The biggest fear of all dog owners, their dog has turned into an aggressive dog.
Some of the most typical reasons aggression's in dogs occur is through a trigger, may it be a strange dog, a bike, a loud child or simply by yelling at the dog. Dog owners with aggressive dogs start to ask themselves what did they do wrong in the training or when did the symptoms first occur.
Possible reasons for a sudden aggression:
1. A puppy who was allowed to do everything with minimal rules. The times he growled and showed his teeth as a puppy was a laughing matter and he looked so cute while doing so. A year later it has turned into a problem because no one addressed the issue while he was a puppy.
2. A health issue. Sometimes pain or an illness can cause the aggression.
3. A dog who comes from the shelter. We don't really know what the dog has been through in the past, the shelter workers try to only tell about his positive attributes so that he will find a home as soon as possible. For an example, there has been many stories about shelter dogs brought home who suddenly turned aggressive and bit the new owners or their children.
4. Not getting enough exercise. A dog that has been cooped up inside an apartment, only getting out a few times a day for short walks, can be very prone to get aggression's. The dogs cannot sometimes control themselves when they are getting over excited.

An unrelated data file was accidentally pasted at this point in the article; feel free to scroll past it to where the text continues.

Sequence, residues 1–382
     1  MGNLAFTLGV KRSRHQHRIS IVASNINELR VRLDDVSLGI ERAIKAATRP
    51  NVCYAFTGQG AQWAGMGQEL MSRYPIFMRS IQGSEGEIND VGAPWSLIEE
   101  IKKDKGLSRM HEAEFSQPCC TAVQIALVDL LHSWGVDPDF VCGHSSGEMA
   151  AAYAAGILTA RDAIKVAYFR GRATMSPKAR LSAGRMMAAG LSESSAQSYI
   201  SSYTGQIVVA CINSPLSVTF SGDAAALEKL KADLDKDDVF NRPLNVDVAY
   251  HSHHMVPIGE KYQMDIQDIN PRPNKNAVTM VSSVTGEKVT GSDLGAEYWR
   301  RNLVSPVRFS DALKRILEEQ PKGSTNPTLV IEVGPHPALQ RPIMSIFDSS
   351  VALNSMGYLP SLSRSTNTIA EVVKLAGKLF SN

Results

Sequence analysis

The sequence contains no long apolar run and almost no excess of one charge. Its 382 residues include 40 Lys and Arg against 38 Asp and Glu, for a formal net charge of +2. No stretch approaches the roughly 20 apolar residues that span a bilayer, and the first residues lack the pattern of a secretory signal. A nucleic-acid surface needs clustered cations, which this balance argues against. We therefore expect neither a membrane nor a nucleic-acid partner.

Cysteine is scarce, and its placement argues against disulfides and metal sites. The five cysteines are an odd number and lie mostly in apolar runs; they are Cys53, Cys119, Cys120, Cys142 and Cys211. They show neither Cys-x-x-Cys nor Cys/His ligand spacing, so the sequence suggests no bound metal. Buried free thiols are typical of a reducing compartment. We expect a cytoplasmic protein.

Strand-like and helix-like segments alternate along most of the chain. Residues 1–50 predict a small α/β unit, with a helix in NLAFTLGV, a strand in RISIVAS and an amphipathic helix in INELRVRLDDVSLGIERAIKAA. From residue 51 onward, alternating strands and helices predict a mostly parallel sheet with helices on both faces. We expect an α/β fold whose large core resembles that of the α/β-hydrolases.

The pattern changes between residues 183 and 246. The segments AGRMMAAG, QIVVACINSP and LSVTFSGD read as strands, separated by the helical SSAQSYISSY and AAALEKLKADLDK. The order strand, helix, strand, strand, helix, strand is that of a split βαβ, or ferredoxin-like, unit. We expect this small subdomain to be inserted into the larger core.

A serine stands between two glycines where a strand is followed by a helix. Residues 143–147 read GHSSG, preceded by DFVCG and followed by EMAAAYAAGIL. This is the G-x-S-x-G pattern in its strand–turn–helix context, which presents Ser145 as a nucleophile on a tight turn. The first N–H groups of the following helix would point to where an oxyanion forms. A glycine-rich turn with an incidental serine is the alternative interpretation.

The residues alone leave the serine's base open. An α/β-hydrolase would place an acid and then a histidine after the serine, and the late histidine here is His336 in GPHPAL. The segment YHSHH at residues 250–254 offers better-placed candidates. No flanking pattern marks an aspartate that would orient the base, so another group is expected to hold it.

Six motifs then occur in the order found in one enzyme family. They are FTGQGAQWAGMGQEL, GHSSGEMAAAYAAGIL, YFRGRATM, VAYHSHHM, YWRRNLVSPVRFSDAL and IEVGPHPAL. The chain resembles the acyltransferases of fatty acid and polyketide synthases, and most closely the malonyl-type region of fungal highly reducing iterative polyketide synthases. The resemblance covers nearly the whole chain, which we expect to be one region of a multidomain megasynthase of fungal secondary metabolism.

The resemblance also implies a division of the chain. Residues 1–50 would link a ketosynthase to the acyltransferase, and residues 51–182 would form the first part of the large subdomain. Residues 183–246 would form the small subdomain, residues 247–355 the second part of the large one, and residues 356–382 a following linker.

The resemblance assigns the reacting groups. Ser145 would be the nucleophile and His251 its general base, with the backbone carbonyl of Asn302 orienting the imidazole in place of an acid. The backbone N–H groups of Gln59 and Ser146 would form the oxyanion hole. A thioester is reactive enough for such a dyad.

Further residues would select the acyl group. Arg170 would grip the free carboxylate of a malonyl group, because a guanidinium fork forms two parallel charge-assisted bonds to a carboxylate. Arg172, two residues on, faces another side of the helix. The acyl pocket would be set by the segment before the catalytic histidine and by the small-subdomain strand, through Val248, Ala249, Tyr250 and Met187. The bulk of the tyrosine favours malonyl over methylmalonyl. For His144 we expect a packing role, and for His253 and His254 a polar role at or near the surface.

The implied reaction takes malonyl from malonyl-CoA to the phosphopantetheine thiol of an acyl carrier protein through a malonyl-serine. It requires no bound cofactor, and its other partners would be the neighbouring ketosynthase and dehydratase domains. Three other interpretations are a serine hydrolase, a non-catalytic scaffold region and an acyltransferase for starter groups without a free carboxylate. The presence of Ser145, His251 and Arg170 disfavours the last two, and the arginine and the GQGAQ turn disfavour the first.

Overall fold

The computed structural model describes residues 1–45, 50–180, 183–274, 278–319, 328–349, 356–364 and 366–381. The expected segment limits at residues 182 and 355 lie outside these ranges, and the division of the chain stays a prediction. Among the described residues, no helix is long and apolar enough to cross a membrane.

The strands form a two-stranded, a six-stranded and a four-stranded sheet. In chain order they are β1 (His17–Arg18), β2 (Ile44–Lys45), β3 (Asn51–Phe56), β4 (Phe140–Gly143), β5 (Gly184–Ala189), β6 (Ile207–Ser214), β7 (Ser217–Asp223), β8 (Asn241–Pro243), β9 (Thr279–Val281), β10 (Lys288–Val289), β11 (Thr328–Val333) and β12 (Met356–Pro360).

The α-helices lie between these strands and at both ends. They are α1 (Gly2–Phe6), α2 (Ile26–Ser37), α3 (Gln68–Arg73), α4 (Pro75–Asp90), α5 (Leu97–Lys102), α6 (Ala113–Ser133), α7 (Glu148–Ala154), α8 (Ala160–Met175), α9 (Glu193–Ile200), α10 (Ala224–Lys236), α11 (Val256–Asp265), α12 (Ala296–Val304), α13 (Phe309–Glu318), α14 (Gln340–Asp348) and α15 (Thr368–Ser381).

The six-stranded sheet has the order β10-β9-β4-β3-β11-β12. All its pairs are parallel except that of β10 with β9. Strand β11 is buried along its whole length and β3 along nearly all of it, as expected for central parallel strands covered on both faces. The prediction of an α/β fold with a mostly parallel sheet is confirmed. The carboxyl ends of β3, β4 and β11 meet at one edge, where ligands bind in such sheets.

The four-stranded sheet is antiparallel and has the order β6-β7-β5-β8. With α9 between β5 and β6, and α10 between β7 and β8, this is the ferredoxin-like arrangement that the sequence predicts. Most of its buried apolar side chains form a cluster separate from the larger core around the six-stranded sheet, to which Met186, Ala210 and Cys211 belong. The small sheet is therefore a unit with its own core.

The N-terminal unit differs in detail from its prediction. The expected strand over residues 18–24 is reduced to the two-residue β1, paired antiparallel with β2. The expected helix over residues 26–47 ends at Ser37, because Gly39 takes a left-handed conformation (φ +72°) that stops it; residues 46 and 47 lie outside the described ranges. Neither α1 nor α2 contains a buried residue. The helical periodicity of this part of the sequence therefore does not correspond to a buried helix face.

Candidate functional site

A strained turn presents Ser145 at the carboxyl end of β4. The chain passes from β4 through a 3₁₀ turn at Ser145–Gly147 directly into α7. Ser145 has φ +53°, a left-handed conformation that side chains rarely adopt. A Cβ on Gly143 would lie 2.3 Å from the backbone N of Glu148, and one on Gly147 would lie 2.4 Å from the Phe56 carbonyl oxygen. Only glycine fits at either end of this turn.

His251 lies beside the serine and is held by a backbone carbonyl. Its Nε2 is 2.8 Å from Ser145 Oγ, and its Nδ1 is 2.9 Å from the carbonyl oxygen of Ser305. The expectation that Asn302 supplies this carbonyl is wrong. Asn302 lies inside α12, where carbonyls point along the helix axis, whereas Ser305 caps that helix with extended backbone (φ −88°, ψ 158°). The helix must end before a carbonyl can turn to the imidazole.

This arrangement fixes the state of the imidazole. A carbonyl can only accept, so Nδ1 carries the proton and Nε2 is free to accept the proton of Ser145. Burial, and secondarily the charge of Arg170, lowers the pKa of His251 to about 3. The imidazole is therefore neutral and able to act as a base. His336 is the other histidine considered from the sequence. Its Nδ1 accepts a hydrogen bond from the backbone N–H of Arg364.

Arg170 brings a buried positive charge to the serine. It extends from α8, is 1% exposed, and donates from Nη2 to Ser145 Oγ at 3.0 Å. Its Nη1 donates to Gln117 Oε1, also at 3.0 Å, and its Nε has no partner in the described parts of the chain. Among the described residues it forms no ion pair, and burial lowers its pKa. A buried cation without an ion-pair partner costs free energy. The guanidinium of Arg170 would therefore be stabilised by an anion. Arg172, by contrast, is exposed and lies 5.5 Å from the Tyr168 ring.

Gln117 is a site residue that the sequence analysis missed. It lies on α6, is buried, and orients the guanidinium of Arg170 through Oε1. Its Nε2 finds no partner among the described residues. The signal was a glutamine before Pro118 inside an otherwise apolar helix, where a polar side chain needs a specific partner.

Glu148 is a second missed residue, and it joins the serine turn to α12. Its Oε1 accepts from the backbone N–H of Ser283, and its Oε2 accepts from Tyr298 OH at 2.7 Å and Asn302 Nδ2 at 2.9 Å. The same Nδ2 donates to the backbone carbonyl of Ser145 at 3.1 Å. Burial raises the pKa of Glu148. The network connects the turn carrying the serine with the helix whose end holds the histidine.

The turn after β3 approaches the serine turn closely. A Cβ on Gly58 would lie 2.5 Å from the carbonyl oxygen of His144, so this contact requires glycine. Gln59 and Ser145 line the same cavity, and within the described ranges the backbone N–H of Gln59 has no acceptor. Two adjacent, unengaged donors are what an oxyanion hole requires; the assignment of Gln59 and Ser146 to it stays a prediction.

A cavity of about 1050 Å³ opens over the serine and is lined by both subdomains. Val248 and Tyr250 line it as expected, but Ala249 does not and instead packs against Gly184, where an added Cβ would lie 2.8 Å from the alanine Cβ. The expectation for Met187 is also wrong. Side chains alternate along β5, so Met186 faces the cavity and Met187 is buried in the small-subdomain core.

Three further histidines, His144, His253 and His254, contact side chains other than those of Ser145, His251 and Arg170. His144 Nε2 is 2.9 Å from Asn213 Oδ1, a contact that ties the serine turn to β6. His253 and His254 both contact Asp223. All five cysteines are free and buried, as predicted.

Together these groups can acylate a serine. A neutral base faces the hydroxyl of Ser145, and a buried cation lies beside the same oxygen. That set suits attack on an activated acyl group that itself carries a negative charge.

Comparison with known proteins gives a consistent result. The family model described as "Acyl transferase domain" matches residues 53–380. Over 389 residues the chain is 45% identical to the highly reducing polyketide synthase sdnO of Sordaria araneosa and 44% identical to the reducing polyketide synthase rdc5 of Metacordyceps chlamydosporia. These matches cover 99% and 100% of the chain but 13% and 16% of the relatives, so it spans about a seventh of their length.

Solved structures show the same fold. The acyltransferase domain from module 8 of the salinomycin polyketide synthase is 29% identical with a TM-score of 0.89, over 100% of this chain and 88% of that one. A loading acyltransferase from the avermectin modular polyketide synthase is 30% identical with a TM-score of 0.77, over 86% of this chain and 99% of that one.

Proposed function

5. The dog breed (remember, not in all cases!). If you have a Pitbull he will usually be more of a risk than a mini Poodle. Not only because of the type of breed, but because of the size and strength of these types of breeds. We shouldn't forget that they are still being bred today for dog fighting, but mostly it is important how he is socialized and trained as a puppy/young dog.
6. The experiences the dog has had. If well socialized as a puppy, without bad experiences, you will usually have a great dog in the end. If your dog has a bad experience as an older dog, it can also affect his behavior.
7. Food aggression. Food aggression is a typical kind of aggression in dogs which is only a natural behavior they have from their ancestors, the wolves. If you have ever watched a video of wolves eating, there is a clear ritual, the alpha wolves (in most groups these are the parent wolves) eat first and they like to protect their prey in a certain way which reminds very much of dogs with food aggression's. They growl, show their teeth and put their both front paws in between their food. We just don't want our dogs to protect their food. Again, it's important how you treated the feeding time with your dog as a puppy, did he have to wait until you told him "go ahead", did you sometimes take the bowl away or put your hand in the bowl? All these things are crucial while training your dog not to be aggressive around food.
8. Learned behavior. In most cases the dogs who show aggression, may it be fear related or any other reason, only do it because it's a learned behavior and because it's completely carved in his memory it's so hard to get rid of it. Did you just let it happen time after time not addressing the problem?